Triune brain and the dual process model of thinking are the precursors of the unified Mental Construction theory.
The triune brain postulates three layers of the brain working in synchronicity–the reptilian brain (survival), the old mammalian brain (emotions), and the new mammalian brain (rational). The theory was developed by Paul MacLean starting in the 1960s.The triune brain emphasizes the importance of non-conscious brain activity in determining human behavior. It developed to explain observed behavior based on then current biological understandings.
Consider the Triune Model (Figure 1 below, left half).
- The base of the triangle is concerned with survival (the reptilian brain), composed of the brainstem and the cerebellum, and provides rigid, compulsive, and reflexive behavior.
- Above the survival layer are the emotions created in the limbic layer, originating with the emergence of mammals. Its value judgements are often unconscious and may be called instinctive.
- The pinnacle of human thinking is rational thought which requires the neocortex of humans.
An important feature of the triune brain is that the rational can sometimes overrule the emotional decision which can sometimes overrule the survival decision.
The Mental Construction theory generally conforms with the three stage hierarchy. However Mental Construction develops a neural mechanism by which events are categorized and processed, based on development stage. A consequence of the neural process leads to the recognition that rational layer must be split, very like that envisioned by the Dual Process Model (in Figure 1, right half).
Dual Process ModelThe dual process model asserts that two distinctively separate cognitive systems underlying thinking and reasoning. William James (p 674-675) called them associative and true reasoning. Others call the pair intuitive and logical. Keith Stanovich calls them System 1 and System 2.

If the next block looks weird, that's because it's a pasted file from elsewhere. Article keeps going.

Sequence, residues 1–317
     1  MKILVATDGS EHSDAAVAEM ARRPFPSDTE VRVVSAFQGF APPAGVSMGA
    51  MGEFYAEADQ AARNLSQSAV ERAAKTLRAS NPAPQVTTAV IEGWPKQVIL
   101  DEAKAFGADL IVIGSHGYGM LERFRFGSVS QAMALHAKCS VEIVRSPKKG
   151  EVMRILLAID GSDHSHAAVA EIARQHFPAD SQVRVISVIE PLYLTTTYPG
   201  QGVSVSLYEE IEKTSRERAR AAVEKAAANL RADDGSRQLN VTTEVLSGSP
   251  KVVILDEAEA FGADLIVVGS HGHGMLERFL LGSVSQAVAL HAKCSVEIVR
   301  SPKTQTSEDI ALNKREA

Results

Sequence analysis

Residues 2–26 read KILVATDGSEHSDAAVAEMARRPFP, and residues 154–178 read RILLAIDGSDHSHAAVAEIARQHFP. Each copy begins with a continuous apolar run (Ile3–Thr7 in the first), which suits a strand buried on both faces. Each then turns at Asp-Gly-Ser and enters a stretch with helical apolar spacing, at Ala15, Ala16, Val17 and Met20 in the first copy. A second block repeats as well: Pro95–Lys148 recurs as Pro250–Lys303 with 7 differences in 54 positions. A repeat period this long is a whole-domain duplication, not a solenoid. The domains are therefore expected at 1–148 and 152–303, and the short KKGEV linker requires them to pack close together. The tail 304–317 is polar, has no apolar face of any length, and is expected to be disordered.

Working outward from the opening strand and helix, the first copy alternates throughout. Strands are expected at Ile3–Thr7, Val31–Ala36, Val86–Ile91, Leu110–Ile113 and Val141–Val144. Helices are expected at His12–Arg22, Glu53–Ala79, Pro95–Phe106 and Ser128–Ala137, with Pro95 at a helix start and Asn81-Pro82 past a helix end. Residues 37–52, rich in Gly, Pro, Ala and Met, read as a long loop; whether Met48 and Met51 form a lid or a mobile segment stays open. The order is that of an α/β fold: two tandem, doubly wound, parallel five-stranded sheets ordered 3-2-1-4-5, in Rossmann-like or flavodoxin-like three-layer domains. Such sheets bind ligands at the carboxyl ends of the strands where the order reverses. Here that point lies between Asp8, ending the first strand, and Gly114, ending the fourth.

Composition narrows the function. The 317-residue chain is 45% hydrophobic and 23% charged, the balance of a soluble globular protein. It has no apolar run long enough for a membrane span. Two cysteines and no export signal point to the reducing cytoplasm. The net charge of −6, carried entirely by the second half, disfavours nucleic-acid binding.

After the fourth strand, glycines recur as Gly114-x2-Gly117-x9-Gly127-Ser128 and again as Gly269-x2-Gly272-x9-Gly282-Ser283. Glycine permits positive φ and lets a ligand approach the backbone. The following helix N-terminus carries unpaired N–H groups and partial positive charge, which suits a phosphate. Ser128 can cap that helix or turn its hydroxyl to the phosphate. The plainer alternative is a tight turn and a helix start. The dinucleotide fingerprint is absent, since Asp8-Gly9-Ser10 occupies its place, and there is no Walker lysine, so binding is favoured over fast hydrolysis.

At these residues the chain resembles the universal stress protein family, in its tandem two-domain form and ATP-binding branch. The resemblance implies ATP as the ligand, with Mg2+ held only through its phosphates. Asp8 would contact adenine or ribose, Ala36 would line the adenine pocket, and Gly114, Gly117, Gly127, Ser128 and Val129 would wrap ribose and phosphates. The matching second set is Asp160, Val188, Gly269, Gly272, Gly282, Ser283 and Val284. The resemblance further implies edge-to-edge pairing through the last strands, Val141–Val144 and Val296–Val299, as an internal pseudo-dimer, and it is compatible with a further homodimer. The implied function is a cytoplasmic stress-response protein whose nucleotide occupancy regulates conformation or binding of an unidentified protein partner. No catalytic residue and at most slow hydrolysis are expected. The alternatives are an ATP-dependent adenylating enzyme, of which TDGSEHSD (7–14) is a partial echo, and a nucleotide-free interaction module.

These dual process explanations often focus on the distinction between an unconscious and a conscious decision. Significant psychological studies support the notion that two thought strands are simultaneously occurring in our brains. Sometimes the strands are distinct as controling a car while thinking about happenings in our lives, while other times the strands compete as when immediate emotional desires lead in one direction while logical considerations warn of delayed consequences.
The dual process model got a huge boast in visibility with Daniel Kahneman’s best seller Thinking, Fast and Slow. Thinking fast is our automatic, effortless approach to understanding and reacting to events. Although it’s usually good enough, we can make mistakes using its heuristic rules. Thinking slow occurs when we decide to make an effort to think through the events, their possible sources and consequences. It is fatiguing to apply our thoughts so diligently.
The Mental Construction model (Figure 2) also accords with a dual approach, but it focuses on duality in the cortical regions of the brain. Its overarching theory of neural operations leading to mental phenomenon allows a new avenue to investigate the properties of the two systems.
Cognition:All We Can Think Preconscious, emotional, automatic, and deliberate
The Table of Contents provides a organized entry to the Mental Construction theory.